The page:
At least 10 dead as Arctic cold strains resources in US Midwest

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He was not wearing a hat or gloves and wasn't dressed for below-zero temperatures.

And these cities are not alone with freezing cold temperatures as 75% of the continental United States will be below freezing at some point this week, affecting 90 million people.

Almost 90 million people will experience temperatures at or below zero degrees this week from the Midwest to New England, according to the National Weather Service, and 25 million of those will face temperatures below minus-20 Fahrenheit (-28 degrees Celsius).

City crews braved sub-zero weather to fix a number of frozen water main breaks that plagued Motor City neighborhoods. Minnesota recorded a shocking temperature of -77 degrees, and Chicago was a balmy -23.

It said a historic low temperature for IL of -38F (-39C) had been reported in the town of Mt Carroll and was being reviewed before being declared a state record.

The agency predicted temperatures to remain 25 to 45 degrees below average through Thursday, with wind chill values as low as -25 to -55 degrees Fahrenheit (-32 to -48 Celsius). The arctic conditions caused problems from Buffalo to Brooklyn, where about 200 firefighters battling an early morning blaze in a commercial building took turns getting warm on buses.

In Minnesota and Upper Michigan, temperatures will be at minus 20 on Thursday and parts of North Dakota can expect minus 30, forecasters warned. But students headed back to school Thursday in eastern North Dakota, where the weather was forecast to crawl out of double-digit subzero temperatures.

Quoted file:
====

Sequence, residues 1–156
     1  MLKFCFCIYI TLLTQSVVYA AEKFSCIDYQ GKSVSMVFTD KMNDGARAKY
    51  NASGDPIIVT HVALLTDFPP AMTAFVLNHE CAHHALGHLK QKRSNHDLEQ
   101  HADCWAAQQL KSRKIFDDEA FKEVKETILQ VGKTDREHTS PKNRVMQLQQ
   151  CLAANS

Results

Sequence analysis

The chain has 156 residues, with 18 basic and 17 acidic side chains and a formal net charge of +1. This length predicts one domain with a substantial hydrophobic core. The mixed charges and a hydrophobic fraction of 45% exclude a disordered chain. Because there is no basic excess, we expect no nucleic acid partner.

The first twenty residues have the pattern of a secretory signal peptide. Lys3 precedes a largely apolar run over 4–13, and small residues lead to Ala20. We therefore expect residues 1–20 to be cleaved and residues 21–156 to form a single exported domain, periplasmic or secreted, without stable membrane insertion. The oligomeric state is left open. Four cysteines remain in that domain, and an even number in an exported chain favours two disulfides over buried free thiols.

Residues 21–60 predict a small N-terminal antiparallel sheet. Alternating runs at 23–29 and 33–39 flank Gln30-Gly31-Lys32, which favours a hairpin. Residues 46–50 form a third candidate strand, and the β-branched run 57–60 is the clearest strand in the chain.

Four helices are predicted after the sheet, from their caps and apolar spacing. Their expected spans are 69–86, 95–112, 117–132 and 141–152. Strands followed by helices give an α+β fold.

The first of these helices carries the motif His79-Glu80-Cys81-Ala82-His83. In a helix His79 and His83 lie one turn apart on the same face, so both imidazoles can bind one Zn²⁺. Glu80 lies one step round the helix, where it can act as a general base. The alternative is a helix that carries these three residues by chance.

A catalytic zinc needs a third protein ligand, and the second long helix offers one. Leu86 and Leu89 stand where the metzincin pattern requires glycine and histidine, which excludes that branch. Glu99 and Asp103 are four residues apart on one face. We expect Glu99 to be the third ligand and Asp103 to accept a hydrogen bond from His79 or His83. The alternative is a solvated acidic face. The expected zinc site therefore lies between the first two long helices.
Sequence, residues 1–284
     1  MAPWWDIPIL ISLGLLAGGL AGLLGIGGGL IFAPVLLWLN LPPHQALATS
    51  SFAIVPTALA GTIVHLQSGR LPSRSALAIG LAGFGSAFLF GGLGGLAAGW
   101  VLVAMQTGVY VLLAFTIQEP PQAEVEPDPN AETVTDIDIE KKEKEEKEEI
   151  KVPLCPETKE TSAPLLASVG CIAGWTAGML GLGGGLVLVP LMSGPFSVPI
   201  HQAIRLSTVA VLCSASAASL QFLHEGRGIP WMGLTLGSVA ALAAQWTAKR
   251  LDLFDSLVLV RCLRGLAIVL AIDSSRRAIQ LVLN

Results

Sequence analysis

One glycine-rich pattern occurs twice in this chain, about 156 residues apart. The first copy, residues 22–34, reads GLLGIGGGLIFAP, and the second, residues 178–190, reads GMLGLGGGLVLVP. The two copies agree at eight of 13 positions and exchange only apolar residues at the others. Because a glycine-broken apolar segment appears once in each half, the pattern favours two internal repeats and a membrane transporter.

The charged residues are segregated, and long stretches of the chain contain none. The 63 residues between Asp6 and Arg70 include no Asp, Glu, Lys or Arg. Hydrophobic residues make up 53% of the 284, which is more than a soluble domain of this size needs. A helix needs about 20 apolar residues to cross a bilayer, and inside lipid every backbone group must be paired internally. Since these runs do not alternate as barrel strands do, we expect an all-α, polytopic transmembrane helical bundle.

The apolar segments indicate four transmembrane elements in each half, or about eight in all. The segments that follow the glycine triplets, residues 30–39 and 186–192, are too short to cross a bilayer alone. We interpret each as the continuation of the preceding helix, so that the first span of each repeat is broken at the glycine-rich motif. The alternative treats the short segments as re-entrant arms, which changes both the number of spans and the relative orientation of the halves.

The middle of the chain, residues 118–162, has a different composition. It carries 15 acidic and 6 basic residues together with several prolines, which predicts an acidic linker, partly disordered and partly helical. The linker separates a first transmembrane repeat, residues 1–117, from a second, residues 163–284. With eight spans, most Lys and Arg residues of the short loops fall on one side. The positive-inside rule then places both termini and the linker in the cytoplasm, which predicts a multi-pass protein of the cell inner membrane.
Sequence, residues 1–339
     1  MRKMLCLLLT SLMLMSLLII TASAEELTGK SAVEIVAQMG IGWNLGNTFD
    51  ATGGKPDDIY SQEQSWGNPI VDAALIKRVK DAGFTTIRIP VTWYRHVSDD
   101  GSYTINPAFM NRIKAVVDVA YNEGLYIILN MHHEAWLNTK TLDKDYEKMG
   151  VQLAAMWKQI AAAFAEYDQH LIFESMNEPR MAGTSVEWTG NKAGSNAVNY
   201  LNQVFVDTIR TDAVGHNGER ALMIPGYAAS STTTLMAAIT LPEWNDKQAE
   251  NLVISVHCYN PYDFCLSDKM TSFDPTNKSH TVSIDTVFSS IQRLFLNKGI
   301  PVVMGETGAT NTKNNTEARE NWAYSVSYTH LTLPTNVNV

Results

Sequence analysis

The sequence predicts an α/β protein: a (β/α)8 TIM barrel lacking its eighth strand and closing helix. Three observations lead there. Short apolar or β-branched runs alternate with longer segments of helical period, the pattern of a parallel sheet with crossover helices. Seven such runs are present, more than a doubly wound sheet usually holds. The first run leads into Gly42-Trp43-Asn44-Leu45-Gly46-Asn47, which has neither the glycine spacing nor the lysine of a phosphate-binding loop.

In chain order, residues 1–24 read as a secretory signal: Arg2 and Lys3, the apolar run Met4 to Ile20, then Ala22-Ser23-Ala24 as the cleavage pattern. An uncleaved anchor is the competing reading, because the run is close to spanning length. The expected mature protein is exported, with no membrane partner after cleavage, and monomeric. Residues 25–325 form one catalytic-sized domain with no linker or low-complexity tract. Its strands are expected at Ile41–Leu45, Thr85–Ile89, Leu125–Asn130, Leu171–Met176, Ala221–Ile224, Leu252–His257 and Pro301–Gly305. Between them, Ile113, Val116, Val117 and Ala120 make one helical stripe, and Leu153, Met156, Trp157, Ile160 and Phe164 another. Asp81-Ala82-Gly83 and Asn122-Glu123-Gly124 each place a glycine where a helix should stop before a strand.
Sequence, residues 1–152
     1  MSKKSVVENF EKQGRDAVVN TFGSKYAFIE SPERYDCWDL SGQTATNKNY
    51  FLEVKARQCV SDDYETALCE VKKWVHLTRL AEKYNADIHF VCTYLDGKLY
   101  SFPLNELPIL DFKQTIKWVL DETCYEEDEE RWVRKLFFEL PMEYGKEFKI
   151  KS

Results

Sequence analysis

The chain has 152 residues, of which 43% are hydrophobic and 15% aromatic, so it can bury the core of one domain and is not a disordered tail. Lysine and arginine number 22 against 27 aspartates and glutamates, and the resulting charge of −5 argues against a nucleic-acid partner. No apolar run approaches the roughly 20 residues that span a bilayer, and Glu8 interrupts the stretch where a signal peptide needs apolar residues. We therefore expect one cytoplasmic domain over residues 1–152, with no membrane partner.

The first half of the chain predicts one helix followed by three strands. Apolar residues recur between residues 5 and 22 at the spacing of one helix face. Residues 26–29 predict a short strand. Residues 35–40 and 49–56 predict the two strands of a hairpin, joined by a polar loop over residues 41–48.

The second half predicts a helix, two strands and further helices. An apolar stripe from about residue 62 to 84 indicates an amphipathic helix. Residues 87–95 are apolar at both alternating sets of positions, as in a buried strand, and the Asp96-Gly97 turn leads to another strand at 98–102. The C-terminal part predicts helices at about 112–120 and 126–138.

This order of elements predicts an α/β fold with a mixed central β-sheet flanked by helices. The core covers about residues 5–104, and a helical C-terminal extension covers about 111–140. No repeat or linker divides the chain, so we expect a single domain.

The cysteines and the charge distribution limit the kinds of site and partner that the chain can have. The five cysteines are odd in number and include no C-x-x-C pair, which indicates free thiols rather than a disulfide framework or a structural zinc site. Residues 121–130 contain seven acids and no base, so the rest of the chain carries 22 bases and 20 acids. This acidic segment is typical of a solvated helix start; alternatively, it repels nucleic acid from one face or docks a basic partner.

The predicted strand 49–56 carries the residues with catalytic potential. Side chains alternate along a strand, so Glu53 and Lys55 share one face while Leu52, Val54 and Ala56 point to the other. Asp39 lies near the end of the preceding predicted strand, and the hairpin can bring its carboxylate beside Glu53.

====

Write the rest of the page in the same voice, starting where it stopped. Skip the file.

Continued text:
Record low temperatures were also reported in some towns in Iowa and Wisconsin.

More than 2,500 flights were cancelled for Thursday and there were hundreds of traffic incidents across a number of states. As of Thursday morning, about 1,700 flights in and out of Chicago's airports had been cancelled over the previous 24 hours. Milwaukee had similar conditions. Some buses were turned into mobile warming shelters to help the homeless in Chicago. The hardiest commuters ventured out only after covering almost every square inch of flesh to protect against the extreme chill, which froze ice crystals on eyelashes and eyebrows in minutes.

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The Postal Service took the rare step of suspending mail delivery in many places, and in southeastern Minnesota, even the snowplows were idled by the weather.

The cause of the sub-zero chill was a swirl of arctic air that broke away from the polar vortex that usually encircles the North Pole.

At least eight deaths have been linked to the system, including an elderly IL man who was found several hours after he fell trying to get into his home.

The weather-related deaths included an elderly IL man who was found several hours after he fell trying to get into his home, an OH woman found in a vacant home, and a University of Iowa student found dead behind an academic hall.

Officials warned Chicago residents, accustomed to chilling winters, to expect an unusually deep and unsafe freeze.

Natural gas supplies were under threat in MI and Minnesota, where authorities asked residents to reduce their heat consumption if at all possible.

As Chicago residents hunker down inside, the weather is having an effect on the city's natural attractions. By the weekend, Chicago was expected to bask in snow-melting highs in the mid-40s to low 50s Fahrenheit, along with other parts of the Midwest.

Amtrak canceled scores of trains to and from Chicago, one of the nation's busiest rail hubs.

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